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Designing Your Work Life

How to Thrive and Change and Find Happiness at Work

By Bill Burnett, Dave Evans
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Designing Your Work Life by Bill Burnett, Dave Evans

Designing Your Work Life (2020), the handbook from design gurus Bill Burnett and Dave Evans, teaches readers how to apply the principles of good design to their careers. Rather than change jobs, Burnett and Evans advocate for redesigning the job you already have to create the work life of your dreams.

Key idea 1 of 9

Wherever you are in your career is good enough – for now.

Do you remember those childhood car trips spent chorusing “Are we there yet?” from the back seat? As an adult, you probably don’t do that anymore – at least, not in the car. But when it comes to your career, it’s possible you’re still caught up in an “Are we there yet?” mindset.

That’s because, when you're not achieving your ambitions, it’s easy to feel unhappy in your work life. What’s more, focusing on where you’re headed is a big distraction because it stops you from making meaningful changes to the job you currently have.

The key message is: Wherever you are in your career is good enough – for now.

Modern society has conditioned us to want more of everything, whether that’s more money or more status. Unfortunately, the thing with more is, you can never get enough of it.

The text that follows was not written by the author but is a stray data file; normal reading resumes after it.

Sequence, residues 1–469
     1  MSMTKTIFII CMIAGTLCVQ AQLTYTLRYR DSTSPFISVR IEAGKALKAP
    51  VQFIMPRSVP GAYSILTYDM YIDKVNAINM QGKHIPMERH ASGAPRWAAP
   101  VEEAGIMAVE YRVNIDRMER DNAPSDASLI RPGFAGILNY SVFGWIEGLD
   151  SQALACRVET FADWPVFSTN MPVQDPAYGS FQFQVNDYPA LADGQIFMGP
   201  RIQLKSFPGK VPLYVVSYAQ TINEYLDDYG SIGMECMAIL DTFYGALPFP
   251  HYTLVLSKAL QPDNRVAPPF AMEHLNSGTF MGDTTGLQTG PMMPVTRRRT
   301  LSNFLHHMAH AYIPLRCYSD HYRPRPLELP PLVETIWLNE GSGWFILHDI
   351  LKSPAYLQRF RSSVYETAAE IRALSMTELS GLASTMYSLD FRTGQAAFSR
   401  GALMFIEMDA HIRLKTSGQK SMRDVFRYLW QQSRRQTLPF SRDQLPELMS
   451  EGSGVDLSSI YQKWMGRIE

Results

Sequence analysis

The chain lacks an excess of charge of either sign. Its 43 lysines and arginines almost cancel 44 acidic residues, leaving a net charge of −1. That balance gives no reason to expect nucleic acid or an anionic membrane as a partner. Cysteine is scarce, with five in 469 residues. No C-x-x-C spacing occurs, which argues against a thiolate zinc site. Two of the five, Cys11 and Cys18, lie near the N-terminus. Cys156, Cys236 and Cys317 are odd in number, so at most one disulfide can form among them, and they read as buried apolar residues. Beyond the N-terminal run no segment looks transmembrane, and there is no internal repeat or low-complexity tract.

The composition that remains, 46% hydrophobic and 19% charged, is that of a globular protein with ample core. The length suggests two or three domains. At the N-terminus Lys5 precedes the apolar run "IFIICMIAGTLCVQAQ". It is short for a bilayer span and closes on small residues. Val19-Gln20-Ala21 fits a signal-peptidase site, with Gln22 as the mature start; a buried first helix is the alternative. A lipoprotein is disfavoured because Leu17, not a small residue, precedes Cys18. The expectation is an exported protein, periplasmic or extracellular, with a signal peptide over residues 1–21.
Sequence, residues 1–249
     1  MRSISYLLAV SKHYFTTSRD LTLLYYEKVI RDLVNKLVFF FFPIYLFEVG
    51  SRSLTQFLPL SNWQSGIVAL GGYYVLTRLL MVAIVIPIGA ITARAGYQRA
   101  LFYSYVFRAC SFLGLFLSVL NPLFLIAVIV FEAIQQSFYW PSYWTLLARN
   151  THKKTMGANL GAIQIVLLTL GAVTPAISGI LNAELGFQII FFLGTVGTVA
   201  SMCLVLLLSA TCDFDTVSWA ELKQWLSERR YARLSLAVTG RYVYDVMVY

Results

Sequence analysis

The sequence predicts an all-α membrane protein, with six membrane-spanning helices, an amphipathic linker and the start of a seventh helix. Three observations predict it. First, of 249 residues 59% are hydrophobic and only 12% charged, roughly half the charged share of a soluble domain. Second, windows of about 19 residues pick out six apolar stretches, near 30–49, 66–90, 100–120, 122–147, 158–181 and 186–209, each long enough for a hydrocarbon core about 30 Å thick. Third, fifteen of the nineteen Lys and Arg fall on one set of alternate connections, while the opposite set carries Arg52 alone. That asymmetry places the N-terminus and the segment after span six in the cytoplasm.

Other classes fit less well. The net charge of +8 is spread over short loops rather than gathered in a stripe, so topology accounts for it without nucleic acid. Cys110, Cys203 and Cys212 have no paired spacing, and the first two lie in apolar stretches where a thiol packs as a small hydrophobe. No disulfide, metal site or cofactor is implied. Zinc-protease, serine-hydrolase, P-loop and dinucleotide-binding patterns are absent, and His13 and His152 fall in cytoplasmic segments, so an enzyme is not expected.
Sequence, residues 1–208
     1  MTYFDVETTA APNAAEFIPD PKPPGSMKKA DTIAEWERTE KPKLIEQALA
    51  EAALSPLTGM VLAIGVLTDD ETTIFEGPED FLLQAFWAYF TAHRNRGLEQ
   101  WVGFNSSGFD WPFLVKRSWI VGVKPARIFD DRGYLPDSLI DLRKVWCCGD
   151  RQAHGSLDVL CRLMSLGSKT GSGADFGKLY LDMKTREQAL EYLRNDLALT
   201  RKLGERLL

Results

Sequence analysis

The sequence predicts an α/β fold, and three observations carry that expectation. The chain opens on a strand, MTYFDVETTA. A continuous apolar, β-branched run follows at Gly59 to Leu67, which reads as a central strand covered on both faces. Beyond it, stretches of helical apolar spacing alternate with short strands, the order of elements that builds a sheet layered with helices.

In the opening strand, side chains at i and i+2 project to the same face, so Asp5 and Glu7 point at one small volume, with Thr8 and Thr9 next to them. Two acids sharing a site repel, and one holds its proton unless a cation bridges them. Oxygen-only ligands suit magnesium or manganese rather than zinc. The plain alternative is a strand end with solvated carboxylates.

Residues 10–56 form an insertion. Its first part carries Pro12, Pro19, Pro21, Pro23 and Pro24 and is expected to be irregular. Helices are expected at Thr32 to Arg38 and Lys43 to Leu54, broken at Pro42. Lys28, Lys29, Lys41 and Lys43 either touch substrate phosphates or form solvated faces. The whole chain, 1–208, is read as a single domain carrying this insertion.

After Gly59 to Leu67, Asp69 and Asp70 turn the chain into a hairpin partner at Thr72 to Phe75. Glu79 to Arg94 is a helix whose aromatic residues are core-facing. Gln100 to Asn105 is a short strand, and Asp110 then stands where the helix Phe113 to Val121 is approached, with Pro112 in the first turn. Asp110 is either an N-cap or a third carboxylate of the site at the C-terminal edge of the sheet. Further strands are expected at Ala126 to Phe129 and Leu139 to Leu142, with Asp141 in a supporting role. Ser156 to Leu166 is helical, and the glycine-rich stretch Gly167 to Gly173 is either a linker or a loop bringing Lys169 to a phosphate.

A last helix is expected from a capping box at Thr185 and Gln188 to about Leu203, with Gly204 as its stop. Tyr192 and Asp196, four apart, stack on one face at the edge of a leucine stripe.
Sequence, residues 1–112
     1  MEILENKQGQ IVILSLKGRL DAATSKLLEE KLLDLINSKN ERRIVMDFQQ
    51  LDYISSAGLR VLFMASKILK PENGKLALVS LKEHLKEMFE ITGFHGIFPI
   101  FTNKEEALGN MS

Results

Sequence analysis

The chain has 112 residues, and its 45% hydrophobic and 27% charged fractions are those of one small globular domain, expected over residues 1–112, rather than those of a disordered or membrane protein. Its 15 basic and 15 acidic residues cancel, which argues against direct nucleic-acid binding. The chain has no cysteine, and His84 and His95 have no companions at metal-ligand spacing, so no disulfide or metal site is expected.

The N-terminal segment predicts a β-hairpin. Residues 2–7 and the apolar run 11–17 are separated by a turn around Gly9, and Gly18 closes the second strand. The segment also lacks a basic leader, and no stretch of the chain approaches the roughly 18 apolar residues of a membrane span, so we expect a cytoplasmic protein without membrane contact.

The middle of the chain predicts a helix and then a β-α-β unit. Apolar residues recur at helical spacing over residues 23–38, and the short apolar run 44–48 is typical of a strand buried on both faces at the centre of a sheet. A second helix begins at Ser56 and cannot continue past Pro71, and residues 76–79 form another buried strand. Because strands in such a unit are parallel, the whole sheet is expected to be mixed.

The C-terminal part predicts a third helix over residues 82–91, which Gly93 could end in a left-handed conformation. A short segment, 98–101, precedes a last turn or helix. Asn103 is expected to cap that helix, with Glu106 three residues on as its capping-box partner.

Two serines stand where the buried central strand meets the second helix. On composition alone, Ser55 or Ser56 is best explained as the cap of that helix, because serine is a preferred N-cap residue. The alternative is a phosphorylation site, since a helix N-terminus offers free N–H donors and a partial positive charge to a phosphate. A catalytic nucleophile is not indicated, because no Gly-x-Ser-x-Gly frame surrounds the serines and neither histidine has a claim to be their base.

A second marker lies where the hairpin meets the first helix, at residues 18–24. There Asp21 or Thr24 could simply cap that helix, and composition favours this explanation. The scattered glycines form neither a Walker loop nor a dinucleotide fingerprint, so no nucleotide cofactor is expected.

For psychologists, it fits with something they call the hedonic treadmill. That’s when the pleasure of getting what you want leads you to repeat the same behavior over and over again. The chemical high in your brain fades, but you want more, so round you go. You’re stuck on a treadmill. 

Burnett and Evans call the type of person struggling on this treadmill a “non-life designer.” That’s someone who wants more from her career: a bigger office, a better salary, or more authority, but she doesn’t examine why she wants these things. To get out of this relentless cycle, the authors suggest you should become a “life-designer.” That’s someone who lives with intention and knows that wherever she is right now is good enough. 

This ability to accept that your job is “good enough for now” uses one of the most effective tools in the designer’s toolkit: the reframe. But note that this isn’t about relabelling your situation. You can’t just grit your teeth and tell yourself your job is fine. To reframe your mindset, you must restructure your point of view. That means noticing what’s good about your current role by focusing on what works well and the tasks you enjoy. If this doesn’t come naturally, try keeping a journal. 

By reframing your perspective, you’ll be able to see your situation more clearly. You may spot ways to redesign your job so that it works better for you. Or you may discover something that’s lacking in your work life. And once you know that, you can start to address the gap.

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